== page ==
June 27, 2005, - 5:54 am
By Debbie Schlussel
Much is being made about Steven Spielberg’s upcoming inaccurate, revisionist history and “balance” (code for morally equivocating Islamic terrorists with their victims) in his new film, “Vengeance”–about the Israeli Mossad’s tracking down of Palestinian terrorists who murdered Israeli athletes at the 1972 Munich Olympics. But anyone who knows the history of this movie, based on a George Jonas book of the same name, should not be surprised.
Jonas admits he has only one “source” for most of the information in his book and that many of the incidents could not be verified. Many of his “facts” were refuted by testimony in a Norwegian trial of Mossad agents who accidentally killed a Moroccan waiter, there, and were caught. Spielberg has not contacted anyone in the Mossad, the Israeli government, or the agents who were involved in the operation, some of whom discredited Jonas’ book.
As I wrote in a column on Spielberg’s “Vengeance,” last summer, Spielberg halted production to avoid upsetting terrorists during the Olympics. Just out of respect and “sensitivity” for terrorists’ wishes. Then, Spielberg realized this was a bad P.R. move and had his publicist claim the reason was something almost as absurd, but much less believable: that Spielberg was just too upset each day–sobbing while reading pages of the script–to continue. Right, and the sob-scenes in “E.T.” also made him halt production. Not.
One wonders if Spielberg’s “balance” will involve visiting the family of Cleveland-based parents of David Berger, the handsome, American-born, Israeli Olympic weight-lifter, who was among the murdered athletes. Don’t count on it. The film, starring the outspokenly pro-Palestinian Ben Kingsley, is bound to be no different than the “balanced” Oscar-winning documentary, “One Day in September,” which–as I wrote in another column–showed the murder of the Israeli Olympic athletes from the victims’ families’ and Palestinian terrorists’ points of view–as an action thriller.
Spielberg’s “Vengeance,” appears to be an indictment of our current War on Terror. According to Reuters, Daniel Craig, who stars in the film, told an entertainment magazine that , “it’s about how vengeance doesn’t . . . work–blood breeds blood.” The one accidental assassination–of the Moroccan waiter in Norway–is being used to discredit the entire operation, which was a SUCCESSFUL War on Terror. There will always be accidental deaths in fighting terror, but that doesn’t mean there shouldn’t be a strong and swift response to it.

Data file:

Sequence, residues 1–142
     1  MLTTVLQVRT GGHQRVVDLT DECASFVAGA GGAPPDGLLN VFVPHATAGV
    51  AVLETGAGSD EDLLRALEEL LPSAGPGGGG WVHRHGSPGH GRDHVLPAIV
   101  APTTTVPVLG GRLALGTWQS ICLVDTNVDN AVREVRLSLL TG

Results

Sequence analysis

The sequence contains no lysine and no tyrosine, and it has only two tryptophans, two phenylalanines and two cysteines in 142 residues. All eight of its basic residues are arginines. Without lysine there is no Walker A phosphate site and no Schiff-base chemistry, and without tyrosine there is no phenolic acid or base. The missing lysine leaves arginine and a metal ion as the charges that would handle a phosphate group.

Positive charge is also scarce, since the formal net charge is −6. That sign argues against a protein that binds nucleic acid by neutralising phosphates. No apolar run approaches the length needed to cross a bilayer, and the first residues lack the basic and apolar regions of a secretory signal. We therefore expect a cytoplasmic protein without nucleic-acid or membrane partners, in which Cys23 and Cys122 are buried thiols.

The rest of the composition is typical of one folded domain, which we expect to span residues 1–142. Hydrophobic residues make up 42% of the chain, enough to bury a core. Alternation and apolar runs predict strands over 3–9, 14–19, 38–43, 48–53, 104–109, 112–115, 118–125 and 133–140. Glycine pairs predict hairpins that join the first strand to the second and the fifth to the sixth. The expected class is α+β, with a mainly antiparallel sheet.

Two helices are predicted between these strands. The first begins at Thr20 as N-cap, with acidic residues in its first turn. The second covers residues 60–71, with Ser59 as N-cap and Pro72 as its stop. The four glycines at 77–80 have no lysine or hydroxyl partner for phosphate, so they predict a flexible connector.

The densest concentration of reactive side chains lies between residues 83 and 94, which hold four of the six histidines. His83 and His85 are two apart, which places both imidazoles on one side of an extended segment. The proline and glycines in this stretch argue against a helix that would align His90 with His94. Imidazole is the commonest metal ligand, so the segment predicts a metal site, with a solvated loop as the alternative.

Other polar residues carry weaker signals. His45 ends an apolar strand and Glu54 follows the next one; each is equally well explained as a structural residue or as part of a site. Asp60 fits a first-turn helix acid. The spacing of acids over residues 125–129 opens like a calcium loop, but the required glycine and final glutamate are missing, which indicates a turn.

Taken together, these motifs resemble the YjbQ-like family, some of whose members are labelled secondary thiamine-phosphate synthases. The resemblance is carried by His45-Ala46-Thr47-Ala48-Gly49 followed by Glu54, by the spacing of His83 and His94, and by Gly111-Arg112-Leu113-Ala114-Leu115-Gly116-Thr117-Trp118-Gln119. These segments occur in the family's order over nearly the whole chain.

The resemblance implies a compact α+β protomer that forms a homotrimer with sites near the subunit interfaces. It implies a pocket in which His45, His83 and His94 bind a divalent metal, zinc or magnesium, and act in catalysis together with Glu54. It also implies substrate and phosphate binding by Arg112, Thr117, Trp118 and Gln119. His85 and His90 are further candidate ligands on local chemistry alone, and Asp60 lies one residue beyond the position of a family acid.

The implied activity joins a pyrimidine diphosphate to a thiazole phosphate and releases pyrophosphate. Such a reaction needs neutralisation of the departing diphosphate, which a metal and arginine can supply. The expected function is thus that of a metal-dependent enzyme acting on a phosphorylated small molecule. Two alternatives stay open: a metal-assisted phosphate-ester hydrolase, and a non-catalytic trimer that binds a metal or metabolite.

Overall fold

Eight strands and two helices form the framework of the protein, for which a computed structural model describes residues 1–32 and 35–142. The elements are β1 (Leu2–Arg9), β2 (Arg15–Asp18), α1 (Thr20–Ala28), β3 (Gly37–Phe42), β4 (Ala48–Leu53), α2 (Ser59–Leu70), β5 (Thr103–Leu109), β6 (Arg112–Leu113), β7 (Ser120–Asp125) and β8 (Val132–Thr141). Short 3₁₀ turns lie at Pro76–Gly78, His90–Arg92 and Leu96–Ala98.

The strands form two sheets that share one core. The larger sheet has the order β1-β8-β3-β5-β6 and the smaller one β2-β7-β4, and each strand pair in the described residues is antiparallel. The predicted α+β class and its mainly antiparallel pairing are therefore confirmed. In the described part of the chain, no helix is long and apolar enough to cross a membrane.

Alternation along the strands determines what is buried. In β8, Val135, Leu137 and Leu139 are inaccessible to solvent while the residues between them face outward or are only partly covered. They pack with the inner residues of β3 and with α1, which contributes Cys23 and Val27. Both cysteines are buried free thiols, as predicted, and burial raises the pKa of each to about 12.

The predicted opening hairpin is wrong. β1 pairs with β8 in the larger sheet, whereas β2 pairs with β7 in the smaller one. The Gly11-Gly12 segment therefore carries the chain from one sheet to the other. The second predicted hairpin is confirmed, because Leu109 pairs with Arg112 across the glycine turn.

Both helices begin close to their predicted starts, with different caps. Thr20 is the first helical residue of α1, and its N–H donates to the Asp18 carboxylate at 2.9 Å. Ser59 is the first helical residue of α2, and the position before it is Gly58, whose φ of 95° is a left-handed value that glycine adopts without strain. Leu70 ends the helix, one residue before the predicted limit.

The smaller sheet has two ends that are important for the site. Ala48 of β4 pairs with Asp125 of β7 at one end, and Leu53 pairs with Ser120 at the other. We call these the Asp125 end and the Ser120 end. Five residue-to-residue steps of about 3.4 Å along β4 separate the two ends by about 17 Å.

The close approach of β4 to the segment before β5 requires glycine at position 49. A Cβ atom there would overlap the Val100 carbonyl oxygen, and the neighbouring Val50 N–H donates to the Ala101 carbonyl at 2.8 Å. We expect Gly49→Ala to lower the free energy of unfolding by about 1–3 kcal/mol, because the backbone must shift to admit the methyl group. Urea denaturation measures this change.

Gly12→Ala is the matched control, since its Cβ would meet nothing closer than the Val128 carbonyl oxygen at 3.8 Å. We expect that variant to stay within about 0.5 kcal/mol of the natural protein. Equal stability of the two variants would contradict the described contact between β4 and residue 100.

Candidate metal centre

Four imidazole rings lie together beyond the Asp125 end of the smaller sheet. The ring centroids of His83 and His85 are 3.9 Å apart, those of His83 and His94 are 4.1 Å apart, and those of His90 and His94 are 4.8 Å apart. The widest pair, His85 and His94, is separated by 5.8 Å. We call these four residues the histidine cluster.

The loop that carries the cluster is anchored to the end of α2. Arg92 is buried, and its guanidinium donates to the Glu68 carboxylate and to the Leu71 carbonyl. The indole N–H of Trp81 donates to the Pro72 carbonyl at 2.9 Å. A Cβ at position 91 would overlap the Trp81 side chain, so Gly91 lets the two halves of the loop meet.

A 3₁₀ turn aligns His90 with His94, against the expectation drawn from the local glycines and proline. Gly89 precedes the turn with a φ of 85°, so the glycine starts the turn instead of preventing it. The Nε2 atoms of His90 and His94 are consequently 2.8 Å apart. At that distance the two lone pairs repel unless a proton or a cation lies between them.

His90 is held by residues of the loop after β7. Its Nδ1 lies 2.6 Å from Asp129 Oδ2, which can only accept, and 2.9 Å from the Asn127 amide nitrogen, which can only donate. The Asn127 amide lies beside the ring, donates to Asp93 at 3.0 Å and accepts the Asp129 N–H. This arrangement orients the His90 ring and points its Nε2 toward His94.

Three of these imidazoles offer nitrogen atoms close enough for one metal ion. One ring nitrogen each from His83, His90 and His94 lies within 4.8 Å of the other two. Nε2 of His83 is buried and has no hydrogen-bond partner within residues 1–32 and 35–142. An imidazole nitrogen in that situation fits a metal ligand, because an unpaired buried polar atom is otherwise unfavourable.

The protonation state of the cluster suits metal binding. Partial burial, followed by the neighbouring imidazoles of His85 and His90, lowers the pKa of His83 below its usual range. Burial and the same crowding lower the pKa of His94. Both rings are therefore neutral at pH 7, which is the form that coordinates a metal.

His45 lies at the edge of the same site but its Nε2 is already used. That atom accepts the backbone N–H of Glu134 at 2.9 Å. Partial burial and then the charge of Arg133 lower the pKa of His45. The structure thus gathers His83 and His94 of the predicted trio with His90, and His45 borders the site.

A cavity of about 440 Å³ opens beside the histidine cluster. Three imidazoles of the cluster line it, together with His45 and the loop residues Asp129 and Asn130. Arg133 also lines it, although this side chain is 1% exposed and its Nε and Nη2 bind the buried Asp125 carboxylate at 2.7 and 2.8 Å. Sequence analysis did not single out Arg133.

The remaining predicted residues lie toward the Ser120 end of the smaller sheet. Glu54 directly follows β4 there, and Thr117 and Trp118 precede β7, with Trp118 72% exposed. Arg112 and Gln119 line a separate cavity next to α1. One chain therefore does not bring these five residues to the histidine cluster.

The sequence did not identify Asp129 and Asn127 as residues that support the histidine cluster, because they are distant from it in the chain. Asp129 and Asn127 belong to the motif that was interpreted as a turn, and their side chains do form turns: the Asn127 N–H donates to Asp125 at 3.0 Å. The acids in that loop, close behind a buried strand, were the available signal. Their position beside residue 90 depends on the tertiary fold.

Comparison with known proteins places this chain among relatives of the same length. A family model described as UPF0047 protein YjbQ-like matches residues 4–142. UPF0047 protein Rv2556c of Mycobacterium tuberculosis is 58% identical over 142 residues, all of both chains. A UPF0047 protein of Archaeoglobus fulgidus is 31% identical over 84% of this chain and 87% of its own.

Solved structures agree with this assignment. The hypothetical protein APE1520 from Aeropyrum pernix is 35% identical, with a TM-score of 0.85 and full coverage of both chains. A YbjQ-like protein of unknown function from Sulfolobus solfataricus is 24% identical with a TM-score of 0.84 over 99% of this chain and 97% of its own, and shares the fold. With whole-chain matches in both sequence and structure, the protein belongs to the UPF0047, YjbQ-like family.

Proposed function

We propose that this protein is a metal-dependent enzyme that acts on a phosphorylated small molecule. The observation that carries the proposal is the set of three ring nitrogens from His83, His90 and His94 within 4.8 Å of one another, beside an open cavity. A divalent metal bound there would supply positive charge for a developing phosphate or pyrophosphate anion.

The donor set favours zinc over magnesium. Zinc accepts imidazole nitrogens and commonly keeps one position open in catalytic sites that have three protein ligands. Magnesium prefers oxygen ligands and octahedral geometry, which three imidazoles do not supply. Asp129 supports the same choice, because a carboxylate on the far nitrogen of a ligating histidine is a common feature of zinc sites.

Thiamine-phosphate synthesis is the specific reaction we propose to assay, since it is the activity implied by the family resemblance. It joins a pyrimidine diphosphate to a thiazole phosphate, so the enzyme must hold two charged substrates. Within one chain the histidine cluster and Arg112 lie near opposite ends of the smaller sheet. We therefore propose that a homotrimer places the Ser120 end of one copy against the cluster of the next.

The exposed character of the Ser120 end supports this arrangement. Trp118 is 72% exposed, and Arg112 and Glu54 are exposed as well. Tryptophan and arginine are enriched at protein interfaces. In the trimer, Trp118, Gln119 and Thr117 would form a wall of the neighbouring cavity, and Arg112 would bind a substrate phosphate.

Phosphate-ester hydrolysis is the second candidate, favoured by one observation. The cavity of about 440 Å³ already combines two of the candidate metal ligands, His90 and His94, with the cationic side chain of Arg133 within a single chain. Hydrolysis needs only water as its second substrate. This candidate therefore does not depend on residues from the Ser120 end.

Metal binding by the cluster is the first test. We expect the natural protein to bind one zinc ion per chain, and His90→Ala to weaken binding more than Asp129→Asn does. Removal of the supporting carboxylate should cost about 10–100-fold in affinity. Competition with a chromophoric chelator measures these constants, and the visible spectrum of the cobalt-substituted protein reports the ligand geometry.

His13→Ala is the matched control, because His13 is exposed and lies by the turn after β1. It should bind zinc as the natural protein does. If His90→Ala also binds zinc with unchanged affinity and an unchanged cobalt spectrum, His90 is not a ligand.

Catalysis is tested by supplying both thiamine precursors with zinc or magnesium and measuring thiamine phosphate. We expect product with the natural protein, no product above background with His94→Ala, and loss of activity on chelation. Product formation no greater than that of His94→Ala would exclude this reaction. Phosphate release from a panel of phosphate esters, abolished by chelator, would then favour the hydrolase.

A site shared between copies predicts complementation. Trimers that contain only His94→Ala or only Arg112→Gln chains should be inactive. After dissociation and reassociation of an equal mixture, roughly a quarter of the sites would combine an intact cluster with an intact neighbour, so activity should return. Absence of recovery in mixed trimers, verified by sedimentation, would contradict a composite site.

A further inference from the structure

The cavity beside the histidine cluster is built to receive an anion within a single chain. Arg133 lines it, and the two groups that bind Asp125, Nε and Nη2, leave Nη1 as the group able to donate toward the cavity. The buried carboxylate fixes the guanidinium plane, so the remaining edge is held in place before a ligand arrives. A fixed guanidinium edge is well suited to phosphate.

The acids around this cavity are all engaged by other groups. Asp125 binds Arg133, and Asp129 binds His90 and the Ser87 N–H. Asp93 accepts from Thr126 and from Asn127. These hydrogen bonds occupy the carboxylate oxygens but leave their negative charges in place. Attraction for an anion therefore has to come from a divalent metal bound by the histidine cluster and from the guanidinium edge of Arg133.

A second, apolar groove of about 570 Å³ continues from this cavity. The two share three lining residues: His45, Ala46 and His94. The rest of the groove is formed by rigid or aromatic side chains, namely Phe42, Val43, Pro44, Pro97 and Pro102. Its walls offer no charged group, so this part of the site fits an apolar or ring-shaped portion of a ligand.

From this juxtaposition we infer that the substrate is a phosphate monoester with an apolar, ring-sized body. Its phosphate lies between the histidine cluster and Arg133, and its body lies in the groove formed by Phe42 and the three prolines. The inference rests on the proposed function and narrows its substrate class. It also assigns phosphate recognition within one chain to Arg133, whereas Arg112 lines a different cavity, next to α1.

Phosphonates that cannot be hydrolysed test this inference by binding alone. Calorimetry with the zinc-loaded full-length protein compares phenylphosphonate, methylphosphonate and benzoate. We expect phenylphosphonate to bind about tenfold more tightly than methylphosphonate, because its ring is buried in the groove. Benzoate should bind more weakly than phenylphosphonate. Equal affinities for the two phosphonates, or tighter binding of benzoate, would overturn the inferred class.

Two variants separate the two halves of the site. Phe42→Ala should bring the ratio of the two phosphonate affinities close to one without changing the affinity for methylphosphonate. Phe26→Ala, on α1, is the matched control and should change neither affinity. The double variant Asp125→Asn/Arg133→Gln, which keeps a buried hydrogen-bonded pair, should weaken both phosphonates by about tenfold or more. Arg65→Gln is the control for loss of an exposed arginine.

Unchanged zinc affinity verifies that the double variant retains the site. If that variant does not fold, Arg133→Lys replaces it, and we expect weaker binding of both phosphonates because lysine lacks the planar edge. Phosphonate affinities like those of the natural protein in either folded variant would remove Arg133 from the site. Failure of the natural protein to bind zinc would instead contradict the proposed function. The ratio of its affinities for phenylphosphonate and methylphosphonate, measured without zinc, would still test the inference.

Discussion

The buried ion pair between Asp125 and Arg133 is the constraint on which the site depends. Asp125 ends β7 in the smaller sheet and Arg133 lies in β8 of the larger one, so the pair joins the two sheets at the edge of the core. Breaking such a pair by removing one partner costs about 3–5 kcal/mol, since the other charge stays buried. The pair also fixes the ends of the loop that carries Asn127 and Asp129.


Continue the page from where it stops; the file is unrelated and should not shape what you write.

Don’t hold your breath for real balance, such as Spielberg visiting terror-host state Syria (on the State Department’s terrorist list) to interrogate and film Jamil Al-Gashey, the only surviving murderer of the Israeli Olympic athletes. He enjoys a life of safety and freedom under the protection of Syria’s government, where he moved because, he said, he didn’t want his daughter to grow up without a father. No biggie that he killed the fathers of several daughters of the Israeli athletes. Don’t look for any of that in “Fighting Terror is a Bad Idea, as Told by Steven Spielberg.”
Question: Why did Spielberg make the Nazis look bad–and even melt to their deaths–in “Raiders by the Lost Ark”? Where was the balance? Ditto for “Schindler’s List.”
Tags: Ben Kingsley, Cleveland, Daniel Craig, David Berger, Debbie Schlussel Much, Department of State, entertainment magazine, Israeli government, Israeli Mossad, Jamil Al, Jamil Al-Gashey, Norway, Oakland Raiders, Olympic, One Day in September, Oscar, Reuters, Schindler's List, Steven Spielberg, Syria, Syria's government, the 1972 Munich Olympics, the Olympics, Vengeance, waiter